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Bank rate-rigging was pretty big business

Last updated on: June 18, 2013 08:38 IST

Bank rate-rigging was pretty big business

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Dominic Elliott in London


When traders got caught fiddling Libor, their employers blamed a few bad apples. Singapore has found 133 people at 20 banks trying to rig three rates. That sounds more like a rotten barrel.

The four banks previously rapped for Libor were hounded on a case-by-case basis. For those lenders - Barclays, Citigroup, Royal Bank of Scotland and UBS - the spotlight accentuated the humiliation.

Singapore's central bank has spared each of the banks that fiddled rates on its turf that embarrassment. Yet the collective blame makes the industry look worse. The banks avoid the loss of business to competitors, since nearly everyone seems to have been involved.

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Image: Barclays headquarters in the Canary Wharf business district in London.
Photographs: Neil Hall/Reuters

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They also avoid fines, presumably because attempted rate manipulation was not a criminal offence at the time. Instead, 19 of the 20 censured banks will have to pony up additional cash reserves for one year, up to a total of $10 billion.

The reserves are effectively an interest-free loan to the Singaporean government for a year, and a deferred prosecution agreement: the additional reserves will not be returned until the central bank has approved changes to rate-setting processes.

The Monetary Authority of Singapore may have found no "conclusive" evidence that any trader actually succeeded in gaming the system.

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Image: Citibank branch in New York.
Photographs: Keith Bedford/Reuters

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But the attempts were systematic, over four years, from 2007 to 2011, and involved three different benchmark rates: Sibor, the interbank rate that is Singapore's equivalent to Libor, a swap offer rate for commercial and mortgage lending; and a forward currency benchmark rate.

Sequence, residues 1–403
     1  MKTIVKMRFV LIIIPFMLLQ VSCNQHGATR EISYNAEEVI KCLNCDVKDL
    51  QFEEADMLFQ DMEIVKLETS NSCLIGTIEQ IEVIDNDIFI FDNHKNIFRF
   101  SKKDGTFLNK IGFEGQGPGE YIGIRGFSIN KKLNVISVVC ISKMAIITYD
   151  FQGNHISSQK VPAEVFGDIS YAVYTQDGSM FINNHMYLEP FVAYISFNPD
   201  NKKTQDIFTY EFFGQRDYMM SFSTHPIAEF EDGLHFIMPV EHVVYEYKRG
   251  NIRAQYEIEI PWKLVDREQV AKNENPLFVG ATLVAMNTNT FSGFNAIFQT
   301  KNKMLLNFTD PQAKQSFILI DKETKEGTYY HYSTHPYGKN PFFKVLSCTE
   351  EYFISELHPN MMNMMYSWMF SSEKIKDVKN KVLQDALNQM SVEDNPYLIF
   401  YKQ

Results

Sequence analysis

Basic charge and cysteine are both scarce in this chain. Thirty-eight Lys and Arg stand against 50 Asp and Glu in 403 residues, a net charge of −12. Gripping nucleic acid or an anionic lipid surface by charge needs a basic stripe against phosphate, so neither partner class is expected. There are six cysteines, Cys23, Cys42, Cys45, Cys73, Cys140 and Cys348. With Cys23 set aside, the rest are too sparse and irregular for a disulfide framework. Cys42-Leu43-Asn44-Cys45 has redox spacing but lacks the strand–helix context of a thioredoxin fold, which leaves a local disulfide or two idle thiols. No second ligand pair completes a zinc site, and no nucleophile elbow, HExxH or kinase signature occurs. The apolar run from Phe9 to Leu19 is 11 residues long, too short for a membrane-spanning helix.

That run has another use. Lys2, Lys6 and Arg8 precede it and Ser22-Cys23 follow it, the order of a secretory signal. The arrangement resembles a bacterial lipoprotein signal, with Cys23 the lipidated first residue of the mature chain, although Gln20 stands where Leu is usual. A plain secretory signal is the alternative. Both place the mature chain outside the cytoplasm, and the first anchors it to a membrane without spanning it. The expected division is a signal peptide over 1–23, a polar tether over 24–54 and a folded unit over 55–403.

The attempted fix in the foreign-exchange market chimes with an investigation under way by the UK regulator.

In one jurisdiction or another, the process of setting benchmark prices for gold, credit-default swaps, and oil and gas contracts are under scrutiny. It appears benchmarks entice abuse like flowers attract bees.

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Image: Pedestrians are reflected in the window of a Royal Bank of Scotland building in the City of London.
Photographs: Paul Hackett/Reuters
Tags: UK , Singapore , Libor

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The International Organization of Securities, which is leading global efforts to reform rate-setting processes, says benchmarks should be based on actual transactions. There are also too many: Singapore alone had 11.

The city island-state's cleanup thus offers a glimmer of light - six rates are being discontinued and four of the remaining five will now be based on actual trade data, not on traders' possibly twisted imaginings.

Context news

i) Singapore's central bank reprimanded 20 banks on June 14 after finding that 133 traders attempted to rig three benchmark rates over four years.

ii) The Monetary Authority of Singapore ordered 19 of the banks to set aside additional cash reserves for the period of one year and will require them to report on their progress in toughening up their rate-setting processes each quarter.

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Image: People walk past the headquarters of Swiss bank UBS in Zurich, Switzerland.
Photographs: Arnd Wiegmann/Reuters

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iii) ING, Royal Bank of Scotland and UBS are the hardest hit of the banks, with each facing an additional cash reserve requirement of between 1 to 1.2 billion Singaporean dollars ($0.8 to $1 billion).

The other banks required to boost their cash reserves are: Bank of America, BNP Paribas , Oversea-Chinese Banking Corporation, Barclays, Credit Agricole, Credit Suisse, DBS, Deutsche Bank, Standard Chartered , United Overseas Bank, Australia and New Zealand Banking Group, Citibank, JPMorgan, Macquarie, Bank of Tokyo-Mitsubishi UFJ and HSBC. Commerzbank was censured but given no additional reserve requirement.


Image: Employees of ING group during their lunch break in front of their office in Amsterdam, the Netherlands.
Photographs: Michael Kooren/Reuters

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